> To be clear, her method for dealing with technology is just like her
    > method for dealing with children: shake a finger and sternly say "you'd
    > better not do that!"
    >
    > Which, of course, works just as well for one as for the other.
    >
    > Isaac



    Been watching too many old Henny Youngman routines? ;)

    --
    iMac (24", 2.8 GHz Intel Core 2 Duo, 2GB RAM, 320 GB HDD) € OS X (10.5.8)
     
    Nick Naym, Dec 19, 2009
    #6
  7. nospam

    Warren Oates Guest

    In article <>,
    Michael Vilain <> wrote:

    > For someone who's not so sensitive to such things, Dropbox might be OK.
    > If this technically unsophisticated user can't be trained to take care
    > of themselves and their data, they need to hire someone to make sure it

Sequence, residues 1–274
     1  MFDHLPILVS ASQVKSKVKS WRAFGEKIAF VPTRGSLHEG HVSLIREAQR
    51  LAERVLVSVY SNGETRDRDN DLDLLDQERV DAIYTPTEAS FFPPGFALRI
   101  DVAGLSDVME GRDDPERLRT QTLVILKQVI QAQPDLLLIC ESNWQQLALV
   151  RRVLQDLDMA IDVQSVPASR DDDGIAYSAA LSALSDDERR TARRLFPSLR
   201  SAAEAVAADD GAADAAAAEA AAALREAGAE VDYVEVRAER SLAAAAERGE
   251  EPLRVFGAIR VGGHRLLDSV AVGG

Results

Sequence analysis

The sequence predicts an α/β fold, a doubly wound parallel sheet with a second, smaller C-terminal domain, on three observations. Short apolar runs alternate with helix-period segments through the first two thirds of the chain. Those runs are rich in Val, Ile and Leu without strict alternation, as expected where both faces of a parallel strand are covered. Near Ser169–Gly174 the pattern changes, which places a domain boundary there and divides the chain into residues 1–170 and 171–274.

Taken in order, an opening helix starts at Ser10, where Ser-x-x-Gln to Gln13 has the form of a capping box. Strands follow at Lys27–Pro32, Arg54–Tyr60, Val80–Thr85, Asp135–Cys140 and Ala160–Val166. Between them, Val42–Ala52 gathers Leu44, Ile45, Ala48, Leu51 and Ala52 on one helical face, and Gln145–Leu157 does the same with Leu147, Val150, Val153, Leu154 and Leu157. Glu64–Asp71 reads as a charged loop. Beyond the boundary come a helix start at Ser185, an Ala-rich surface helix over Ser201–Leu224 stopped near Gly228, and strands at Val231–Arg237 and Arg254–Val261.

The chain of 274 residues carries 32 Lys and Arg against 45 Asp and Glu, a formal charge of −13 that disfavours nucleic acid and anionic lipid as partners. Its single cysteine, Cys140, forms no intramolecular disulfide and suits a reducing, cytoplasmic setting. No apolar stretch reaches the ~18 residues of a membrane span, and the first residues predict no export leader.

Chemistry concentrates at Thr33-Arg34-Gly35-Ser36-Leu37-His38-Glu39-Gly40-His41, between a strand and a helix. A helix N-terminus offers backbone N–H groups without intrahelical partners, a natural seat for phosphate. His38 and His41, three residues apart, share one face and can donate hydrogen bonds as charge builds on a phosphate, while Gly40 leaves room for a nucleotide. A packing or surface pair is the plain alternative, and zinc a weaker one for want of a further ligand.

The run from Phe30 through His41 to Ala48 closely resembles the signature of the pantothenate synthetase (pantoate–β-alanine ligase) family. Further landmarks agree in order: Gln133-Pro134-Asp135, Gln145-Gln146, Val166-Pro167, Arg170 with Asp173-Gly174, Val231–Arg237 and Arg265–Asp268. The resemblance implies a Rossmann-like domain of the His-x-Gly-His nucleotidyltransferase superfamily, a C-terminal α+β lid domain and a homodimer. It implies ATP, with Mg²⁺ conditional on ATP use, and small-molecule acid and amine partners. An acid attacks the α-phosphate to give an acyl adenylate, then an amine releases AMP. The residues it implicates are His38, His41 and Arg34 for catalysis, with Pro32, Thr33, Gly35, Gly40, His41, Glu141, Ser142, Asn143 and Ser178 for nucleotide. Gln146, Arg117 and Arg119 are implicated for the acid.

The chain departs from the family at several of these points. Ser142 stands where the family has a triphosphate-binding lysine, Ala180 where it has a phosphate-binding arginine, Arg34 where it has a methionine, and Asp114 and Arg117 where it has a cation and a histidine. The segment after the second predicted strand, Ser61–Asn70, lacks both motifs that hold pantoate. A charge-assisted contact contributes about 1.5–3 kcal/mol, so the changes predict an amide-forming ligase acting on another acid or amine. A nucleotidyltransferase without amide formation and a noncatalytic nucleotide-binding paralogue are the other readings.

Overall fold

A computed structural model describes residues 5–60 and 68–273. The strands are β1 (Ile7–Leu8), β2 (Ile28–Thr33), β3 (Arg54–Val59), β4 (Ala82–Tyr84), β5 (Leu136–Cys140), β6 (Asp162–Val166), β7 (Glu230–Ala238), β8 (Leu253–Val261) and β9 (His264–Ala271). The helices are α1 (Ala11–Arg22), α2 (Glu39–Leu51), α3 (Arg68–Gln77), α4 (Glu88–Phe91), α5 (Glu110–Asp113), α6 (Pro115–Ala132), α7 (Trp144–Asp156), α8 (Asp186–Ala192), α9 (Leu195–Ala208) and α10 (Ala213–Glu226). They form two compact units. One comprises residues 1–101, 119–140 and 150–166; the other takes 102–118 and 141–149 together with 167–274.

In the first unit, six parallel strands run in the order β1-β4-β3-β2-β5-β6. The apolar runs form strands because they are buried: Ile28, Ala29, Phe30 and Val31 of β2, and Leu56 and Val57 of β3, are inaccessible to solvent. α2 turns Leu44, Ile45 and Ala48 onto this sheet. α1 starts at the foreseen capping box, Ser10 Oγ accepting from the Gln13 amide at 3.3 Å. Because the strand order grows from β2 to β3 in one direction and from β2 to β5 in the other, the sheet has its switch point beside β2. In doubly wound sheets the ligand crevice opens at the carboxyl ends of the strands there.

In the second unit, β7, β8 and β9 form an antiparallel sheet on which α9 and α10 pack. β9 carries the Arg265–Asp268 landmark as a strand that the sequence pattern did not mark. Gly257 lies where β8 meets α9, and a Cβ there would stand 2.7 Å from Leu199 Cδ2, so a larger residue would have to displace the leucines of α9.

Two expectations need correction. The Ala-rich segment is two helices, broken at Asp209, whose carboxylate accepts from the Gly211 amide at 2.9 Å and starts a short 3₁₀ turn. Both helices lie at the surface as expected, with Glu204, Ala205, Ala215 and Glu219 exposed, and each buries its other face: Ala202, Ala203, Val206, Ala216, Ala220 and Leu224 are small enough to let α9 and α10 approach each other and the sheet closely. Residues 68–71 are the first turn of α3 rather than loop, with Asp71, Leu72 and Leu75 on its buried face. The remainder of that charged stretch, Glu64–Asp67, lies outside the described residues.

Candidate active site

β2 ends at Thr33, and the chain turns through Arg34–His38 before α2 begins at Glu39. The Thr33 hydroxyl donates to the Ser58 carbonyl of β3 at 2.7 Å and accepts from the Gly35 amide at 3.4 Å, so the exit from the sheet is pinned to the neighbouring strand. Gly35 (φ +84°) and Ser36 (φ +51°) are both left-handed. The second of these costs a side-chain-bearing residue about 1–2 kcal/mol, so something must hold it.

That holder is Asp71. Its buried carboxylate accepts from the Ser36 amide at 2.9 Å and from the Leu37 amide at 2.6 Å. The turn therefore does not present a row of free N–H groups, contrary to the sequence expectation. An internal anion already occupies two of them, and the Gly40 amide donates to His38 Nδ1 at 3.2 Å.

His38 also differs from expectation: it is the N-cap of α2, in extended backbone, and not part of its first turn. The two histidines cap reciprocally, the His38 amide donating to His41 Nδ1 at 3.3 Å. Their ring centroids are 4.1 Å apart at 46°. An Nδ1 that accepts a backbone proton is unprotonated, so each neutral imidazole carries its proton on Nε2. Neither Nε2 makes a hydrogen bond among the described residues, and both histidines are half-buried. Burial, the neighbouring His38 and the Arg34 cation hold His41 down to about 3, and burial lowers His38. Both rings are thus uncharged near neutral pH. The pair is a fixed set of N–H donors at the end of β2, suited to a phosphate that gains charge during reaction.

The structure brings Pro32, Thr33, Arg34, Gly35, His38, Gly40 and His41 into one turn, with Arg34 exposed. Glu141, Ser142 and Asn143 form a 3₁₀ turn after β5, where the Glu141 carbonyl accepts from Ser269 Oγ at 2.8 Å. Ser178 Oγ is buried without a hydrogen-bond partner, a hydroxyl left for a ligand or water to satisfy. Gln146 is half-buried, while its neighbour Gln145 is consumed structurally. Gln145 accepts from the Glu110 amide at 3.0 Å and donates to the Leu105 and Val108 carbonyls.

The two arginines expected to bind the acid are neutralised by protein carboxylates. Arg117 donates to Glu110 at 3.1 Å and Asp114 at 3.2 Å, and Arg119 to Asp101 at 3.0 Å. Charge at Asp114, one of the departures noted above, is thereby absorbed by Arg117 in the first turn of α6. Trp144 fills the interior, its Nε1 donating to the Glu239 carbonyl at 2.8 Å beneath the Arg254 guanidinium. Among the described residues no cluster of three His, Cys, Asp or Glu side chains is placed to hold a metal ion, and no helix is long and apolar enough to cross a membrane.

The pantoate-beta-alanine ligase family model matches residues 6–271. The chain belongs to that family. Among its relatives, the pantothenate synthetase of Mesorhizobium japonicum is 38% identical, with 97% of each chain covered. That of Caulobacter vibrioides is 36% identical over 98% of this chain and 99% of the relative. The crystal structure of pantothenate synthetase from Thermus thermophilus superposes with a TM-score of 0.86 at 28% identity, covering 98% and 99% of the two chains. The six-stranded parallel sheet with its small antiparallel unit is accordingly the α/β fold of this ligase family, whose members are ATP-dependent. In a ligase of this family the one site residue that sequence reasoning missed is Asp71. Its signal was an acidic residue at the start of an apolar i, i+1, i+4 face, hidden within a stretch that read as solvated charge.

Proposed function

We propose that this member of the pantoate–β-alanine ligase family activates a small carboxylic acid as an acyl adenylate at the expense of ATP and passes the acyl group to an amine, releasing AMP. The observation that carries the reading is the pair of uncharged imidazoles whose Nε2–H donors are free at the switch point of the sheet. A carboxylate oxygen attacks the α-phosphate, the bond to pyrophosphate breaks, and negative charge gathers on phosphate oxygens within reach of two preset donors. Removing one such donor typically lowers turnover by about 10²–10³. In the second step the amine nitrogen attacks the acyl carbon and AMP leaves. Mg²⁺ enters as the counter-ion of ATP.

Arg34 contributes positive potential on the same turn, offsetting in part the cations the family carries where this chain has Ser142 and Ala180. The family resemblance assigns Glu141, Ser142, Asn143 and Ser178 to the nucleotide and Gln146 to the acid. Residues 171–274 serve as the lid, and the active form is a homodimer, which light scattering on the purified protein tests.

> gets done. It would be irresponsible to do anything else.


    .... and anyway, her machine can be set up with rsync and cron to back
    stuff up every couple of hours. Dropbox actually sounds scary. All your
    stuff are belong to us.
    --
    Very old woody beets will never cook tender.
    -- Fannie Farmer
     
    Warren Oates, Dec 19, 2009
    #7
  8. nospam

    nospam Guest

    In article <isw-B7459D.10253819122009@[216.168.3.50]>, isw
    <> wrote:

    > On a G4 mini, which can't run Leopard because it has to run some legacy
    > "Classic" apps. And there's no chance the user could handle SheepShaver.


    which ones? is there really no osx native replacement?
     
    nospam, Dec 19, 2009
    #8
  9. nospam

    Warren Oates Guest

    In article <isw-919C56.10235519122009@[216.168.3.50]>,
    isw <> wrote:

    > I agree completely. I want my stuff on *my* servers where *I* can get it
    > -- or more importantly, destroy it -- whenever *I* want to.


    On the other hand, Wuala seems maybe secure -- your data is encrypted
    before it goes, or something.

    http://www.wuala.com/
    --
    Very old woody beets will never cook tender.